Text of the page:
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My Hero: Mr. Zero

At times I have nothing to say. This is not necessarily a bad thing, just is. Doing nothing usually fails to get the respect it deserves. After all, nothing is the sacred state coveted by Zen practitioners, secluded monks, and other pursuers of enlightenment, so there must be something to it. “Nothing” was the holy grail of the Seinfeld TV show, the concept that launched the mega-millionaires into a life where they could do…nothing, if they wished. Do you ever hear overworked cubicle-mates say with a smile, when asked about what they’re doing on their three-day weekends, “nothing.” Probably not often enough.

Yes, “nothing” is the new trophy wife of the overworked, the hidden objective on all our secret lists, and the easiest-so-say, but hardest-to-do, stretch goal we have. I once heard a group of middle-schoolers describe what they would do if they had all the money they could ever want. One particularly thoughtful girl, after a long pause, replied “Nothing….cause my Daddy says to do that is the most expensive thing in the world.”

In our fast-paced world where most of us struggle to get everything done in a day, the opposite of being busier than a one-armed wallpaper hanger is to do nothing, or be un-busy. Sometimes the cure is an abrupt reversal of the causal agent. The shock of this move, if nothing else, will make one assess what’s really important in life. And I can think of nothing more cathartic than to stop and smell the flowers, so to speak. So the next time you head off for a weekend of medicinal reversalness, and your co-workers ask you what you’re up to this weekend, you can wryly smile and say, “Nothing”…and that’s something.

2 comments to My Hero: Mr. Zero

  • Fantastic post! I often hear from a lot of fellow would-be academics that part of the reason they choose to spent their 20s in school is because of the myriad chances for free-time the academic lifestyle provides. I second it, since I find that my chances to do NOTHING for hours on end come at least weekly.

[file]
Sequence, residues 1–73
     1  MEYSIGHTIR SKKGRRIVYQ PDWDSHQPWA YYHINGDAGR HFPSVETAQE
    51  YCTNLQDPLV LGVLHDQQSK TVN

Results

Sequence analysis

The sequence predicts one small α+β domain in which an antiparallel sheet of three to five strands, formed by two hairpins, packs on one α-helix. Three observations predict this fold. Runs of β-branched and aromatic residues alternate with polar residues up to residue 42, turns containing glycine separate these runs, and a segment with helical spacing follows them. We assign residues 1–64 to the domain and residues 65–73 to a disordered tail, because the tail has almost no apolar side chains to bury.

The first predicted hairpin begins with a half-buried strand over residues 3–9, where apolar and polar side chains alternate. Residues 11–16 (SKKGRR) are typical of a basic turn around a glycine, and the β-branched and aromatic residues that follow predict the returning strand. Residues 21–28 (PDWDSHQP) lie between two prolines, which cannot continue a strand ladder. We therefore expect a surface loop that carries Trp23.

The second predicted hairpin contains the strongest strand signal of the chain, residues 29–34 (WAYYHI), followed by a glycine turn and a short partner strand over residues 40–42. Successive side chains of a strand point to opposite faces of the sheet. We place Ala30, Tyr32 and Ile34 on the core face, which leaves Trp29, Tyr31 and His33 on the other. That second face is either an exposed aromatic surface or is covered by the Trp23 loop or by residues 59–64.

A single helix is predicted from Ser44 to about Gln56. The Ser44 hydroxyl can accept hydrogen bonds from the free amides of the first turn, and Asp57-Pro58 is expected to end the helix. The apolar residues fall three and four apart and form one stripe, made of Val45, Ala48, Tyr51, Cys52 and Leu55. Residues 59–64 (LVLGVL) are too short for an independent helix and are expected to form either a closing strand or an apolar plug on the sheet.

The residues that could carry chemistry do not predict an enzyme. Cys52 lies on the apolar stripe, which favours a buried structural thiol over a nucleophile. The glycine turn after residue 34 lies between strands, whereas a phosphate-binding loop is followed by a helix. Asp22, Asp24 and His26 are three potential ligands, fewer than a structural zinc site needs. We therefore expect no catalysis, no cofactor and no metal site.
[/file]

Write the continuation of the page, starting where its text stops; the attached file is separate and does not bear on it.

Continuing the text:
I find that my busier friends get very angry with the idea that I am “able” to do this, but I did trade a student loan debt that could buy three loaded Mustangs (GTs!), a nice paycheck and my 20s to get this far. I think people don’t want to make the trade to get time for Nothing, like Thoreau did. I have to give a paper in two weeks on Thoreau’s notion of sacrifice, that he gave up things not because they were bad, but because the cost was too high. I don’t think that most people realize that they have a choice to, like the dad in AMERICAN BEAUTY, give it all up and work at a job they would enjoy more — and screw the status and paycheck crap.

    Roundabout way of saying that I think everyone wants the Nothing time, but few people are willing to give up what they need to in order to get it:)

    (I’m very glad you’re back blogging, Gary, btw.)

  • Joy

    Welcome back, Gary.

    Despite the guilt I frequently feel about not being more ‘productive’, I enjoy doing nothing–or at least nothing much.